"He's my family and I want him to be Wyatt's family," the CNN anchor said of Maisani. The two men split in 2018 after nine years together.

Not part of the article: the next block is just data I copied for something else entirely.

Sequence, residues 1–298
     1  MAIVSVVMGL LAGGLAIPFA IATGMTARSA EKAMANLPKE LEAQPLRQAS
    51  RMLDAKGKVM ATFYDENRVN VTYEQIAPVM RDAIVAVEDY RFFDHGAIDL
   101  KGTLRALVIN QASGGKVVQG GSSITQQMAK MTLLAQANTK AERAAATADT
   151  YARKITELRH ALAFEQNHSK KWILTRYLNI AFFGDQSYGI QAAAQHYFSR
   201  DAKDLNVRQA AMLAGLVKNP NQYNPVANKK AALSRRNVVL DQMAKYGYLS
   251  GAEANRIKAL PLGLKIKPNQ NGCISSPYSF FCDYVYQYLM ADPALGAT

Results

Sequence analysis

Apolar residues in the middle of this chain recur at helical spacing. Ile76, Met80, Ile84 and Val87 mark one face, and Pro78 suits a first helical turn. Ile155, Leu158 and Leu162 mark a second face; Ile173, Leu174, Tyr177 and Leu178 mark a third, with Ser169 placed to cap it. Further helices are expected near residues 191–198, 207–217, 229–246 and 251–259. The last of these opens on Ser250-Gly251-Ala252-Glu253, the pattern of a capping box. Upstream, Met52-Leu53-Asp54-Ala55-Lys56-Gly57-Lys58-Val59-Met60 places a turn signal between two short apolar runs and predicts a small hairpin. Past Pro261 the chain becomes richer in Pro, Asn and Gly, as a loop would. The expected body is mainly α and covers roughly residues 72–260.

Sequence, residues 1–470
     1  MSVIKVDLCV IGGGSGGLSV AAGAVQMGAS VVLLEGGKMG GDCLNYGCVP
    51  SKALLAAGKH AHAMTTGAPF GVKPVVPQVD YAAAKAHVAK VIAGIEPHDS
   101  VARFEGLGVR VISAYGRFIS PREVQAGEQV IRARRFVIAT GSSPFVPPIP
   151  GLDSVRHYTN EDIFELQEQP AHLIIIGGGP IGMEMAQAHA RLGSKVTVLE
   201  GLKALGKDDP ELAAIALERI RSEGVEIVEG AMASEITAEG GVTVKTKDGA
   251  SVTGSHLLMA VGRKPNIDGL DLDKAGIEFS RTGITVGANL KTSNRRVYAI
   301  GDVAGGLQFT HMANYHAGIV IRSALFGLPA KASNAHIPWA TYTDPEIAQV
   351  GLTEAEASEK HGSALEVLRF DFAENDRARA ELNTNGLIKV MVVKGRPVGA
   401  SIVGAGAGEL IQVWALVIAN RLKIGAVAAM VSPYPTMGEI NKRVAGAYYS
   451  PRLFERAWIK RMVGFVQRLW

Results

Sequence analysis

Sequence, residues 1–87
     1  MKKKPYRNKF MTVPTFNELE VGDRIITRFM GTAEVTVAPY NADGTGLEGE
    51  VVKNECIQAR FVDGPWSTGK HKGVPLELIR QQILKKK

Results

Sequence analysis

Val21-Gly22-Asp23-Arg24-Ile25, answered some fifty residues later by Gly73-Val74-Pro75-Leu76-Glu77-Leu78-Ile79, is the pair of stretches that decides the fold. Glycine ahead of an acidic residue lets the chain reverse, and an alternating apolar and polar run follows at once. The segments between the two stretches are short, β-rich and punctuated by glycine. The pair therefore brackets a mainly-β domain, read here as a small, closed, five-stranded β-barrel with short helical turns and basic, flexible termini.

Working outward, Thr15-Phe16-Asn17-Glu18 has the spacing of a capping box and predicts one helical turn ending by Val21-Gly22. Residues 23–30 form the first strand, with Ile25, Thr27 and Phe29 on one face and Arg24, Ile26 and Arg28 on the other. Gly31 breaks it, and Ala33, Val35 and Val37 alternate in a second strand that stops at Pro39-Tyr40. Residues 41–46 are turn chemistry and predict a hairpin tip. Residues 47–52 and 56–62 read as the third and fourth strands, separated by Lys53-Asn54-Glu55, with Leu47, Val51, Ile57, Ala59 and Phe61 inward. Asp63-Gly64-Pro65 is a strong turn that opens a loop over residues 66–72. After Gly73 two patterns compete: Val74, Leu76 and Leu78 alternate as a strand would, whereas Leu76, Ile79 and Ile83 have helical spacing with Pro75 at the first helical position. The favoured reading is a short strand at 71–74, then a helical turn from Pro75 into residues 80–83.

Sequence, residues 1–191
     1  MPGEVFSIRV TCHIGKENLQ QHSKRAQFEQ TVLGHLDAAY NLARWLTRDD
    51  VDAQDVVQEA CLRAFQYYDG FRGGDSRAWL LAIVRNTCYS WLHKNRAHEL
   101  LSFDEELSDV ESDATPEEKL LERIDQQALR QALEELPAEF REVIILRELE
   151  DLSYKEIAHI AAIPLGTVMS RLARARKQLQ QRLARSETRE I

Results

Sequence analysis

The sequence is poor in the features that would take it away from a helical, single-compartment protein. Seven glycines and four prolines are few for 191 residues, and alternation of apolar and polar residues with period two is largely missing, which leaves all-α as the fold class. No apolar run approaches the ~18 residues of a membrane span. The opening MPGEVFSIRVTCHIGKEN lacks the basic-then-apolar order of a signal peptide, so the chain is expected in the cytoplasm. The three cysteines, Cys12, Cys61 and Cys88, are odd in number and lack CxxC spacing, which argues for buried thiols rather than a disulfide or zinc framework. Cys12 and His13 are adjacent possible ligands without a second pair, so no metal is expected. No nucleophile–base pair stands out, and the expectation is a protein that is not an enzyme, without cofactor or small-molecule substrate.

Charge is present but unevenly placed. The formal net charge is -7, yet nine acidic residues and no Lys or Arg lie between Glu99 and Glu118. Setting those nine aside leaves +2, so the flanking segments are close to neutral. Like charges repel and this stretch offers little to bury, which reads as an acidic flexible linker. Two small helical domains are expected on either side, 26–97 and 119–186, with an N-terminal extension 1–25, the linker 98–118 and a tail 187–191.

New York City’s late-night TV shows are going without live studio audiences as coronavirus continues to spread. That means “Full Frontal With Samantha Bee,” “The Tonight Show Starring Jimmy Fallon,” “Late Night With Seth Meyers,” “The Late Show With Stephen Colbert,” Trevor Noah’s “Daily Show” and “Last Week Tonight With John Oliver” will forego an in-house crowd.While Bee’s show is cutting its audience beginning with tonight’s taping and Oliver’s with this Sunday’s, all the other programs listed above will put that policy into effect next Monday.“The Late Show” will tape in front of an audience tonight and tomorrow night and a repeat was previously scheduled for Friday, an individual with knowledge tells TheWrap. Fallon and Meyers’ programs will also tape in front of live audiences tonight and Thursday, and do not record shows on Fridays.An individual with knowledge of NBC’s “Saturday Night Live,” which doesn’t return with a new episode until March 28, told TheWrap that producers are monitoring the situation closely in partnership with NYC and health officials and that a decision will be made about how to proceed as “SNL” gets closer to going back into production.Also Read: 'The View,' 'Live With Kelly and Ryan' and 'Good Morning America' to Tape Without Audiences Due to CoronavirusOn the West Coast, “Conan” is currently in reruns and on a scheduled hiatus for the next two weeks.A person with knowledge of ABC’s “Jimmy Kimmel Live!” told TheWrap that for now the tapings will continue as always, with a studio audience. A separate person with information on the plans for CBS’ “Late Late Show With James Corden” told TheWrap that one will also remain status quo. It’s also business as usual for Comedy Central’s “Lights Out With David Spade,” an insider tells TheWrap. All three of those shows tape in Los Angeles and their plans are subject to change.Representatives for HBO’s “Real Time With Bill Maher,” also an L.A-based late-night series, did not immediately respond to TheWrap’s requests for comment.Also Read: 'Survivor' Delays Production on Season 41 Amid Coronavirus Pandemic“Due to growing fears over COVID-19, and out of an abundance of caution, ‘Full Frontal with Samantha Bee’ will tape tonight’s episode without a live studio audience,” a spokesperson for the show told TheWrap Wednesday. “Bee says she will instead ‘do the show in front of a mirror, which I actually prefer. Despite the efforts being taken, we still have heard from Sean Spicer that tonight’s taping ‘was the largest audience ever to witness an [taping of Full Frontal], period, both in person and around the globe.’ Wow!”An NBC spokesperson said in their own statement: “The safety of our guests and employees is our top priority. As a precautionary measure, starting Monday, March 16, we have decided to suspend live audiences for ‘The Tonight Show Starring Jimmy Fallon’ and ‘Late Night with Seth Meyers.’ Per guidance from New York City officials, the company is hoping to do its part to help to decrease the rate of transmission in our communities. Our shows will continue filming on their regular schedule, and currently, there will be no impact on air dates.”In another statement, a CBS representative said: “Beginning Monday, March 16, ‘The Late Show With Stephen Colbert” will film without a live, in-studio audience. This move is being made out of an abundance of caution regarding the spread of the COVID-19 virus and the uncertainty of the situation for future weeks. Per guidance from New York City officials, CBS and ‘The Late Show’ are doing their part to help decrease the potential rate of transmission in our communities. There have not been any specific developments at The Ed Sullivan Theater to cause concern for audiences with plans to attend the show tonight, tomorrow, or who have attended in recent weeks. For several weeks, the team at the theater has been taking all necessary precautions to protect everyone who enters and works in the theater with enhanced cleaning and sanitizing procedures. For the past several weeks, ‘The Late Show’ producers have consulted daily to share information with other New York-based late night shows, who will also be moving forward without an audience.”Also Read: Crew Member on Fox's 'NeXT' Tests Positive for Coronavirus After Production Wraps in Chicago“Our top priority is the safety of our guests and staff. Beginning Monday, March 16th, Comedy Central’s NY based late night series, ‘The Daily Show with Trevor Noah,’ will film without a live, in-studio audience,” a Comedy Central spokesperson said. “This move is being made out of an abundance of caution and concern regarding the spread of the COVID-19 virus and per guidance from New York City officials to take appropriate actions. There have been no developments at ‘The Daily Show’s’ studio to cause concern for audience members who have plans to attend the show tonight or tomorrow. Measures have been taken to protect everyone who enters and works in the office and studio with enhanced cleaning and sanitizing procedures. For the past several weeks, ‘The Daily Show’ producers have communicated daily with other New York-based late night shows, who will also be moving forward without an audience beginning Monday.”HBO added: “As of this coming Sunday, March 15, ‘Last Week Tonight With John Oliver’ will film without a live, in-studio audience. We are taking this precaution in accordance with best practices as outlined by New York City officials. We will continue to monitor the situation.”These NYC-based late-night shows are far from the first programs with a live audience to cut that component from their program amid increasing concerns about COVID-19, which the CDC declared a pandemic on Wednesday.Earlier today, Walt Disney Television announced it was suspending live audiences from attending all of its NYC-based news broadcasts and talk shows, including “The View,” “Live With Kelly and Ryan,” “Good Morning America,” “Strahan, Sara and Keke” and “Tamron Hall.”Other programs that have cut their live audiences include “The Wendy Williams Show,” “Jeopardy!” and “Wheel of Fortune.”A number of public events have been called off in recent days as the number of coronavirus cases continues to rise in the U.S., with some health experts advising against public gatherings where the disease may be spread from person to person.One of the first and biggest events to be affected by the coronavirus threat was the now-canceled South by Southwest festival in Austin, which was originally scheduled to take place next week. Several other public events have been canceled or postponed — including political rallies, some TV networks’ upfront presentations, the Los Angeles Times’ annual Festival of Books, World of Wonder’s RuPaul’s DragCon and, potentially, the Coachella and Stagecoach music festivals.Read original story All NYC Late-Night Shows to Tape Without Live Studio Audiences Amid Coronavirus Pandemic At TheWrap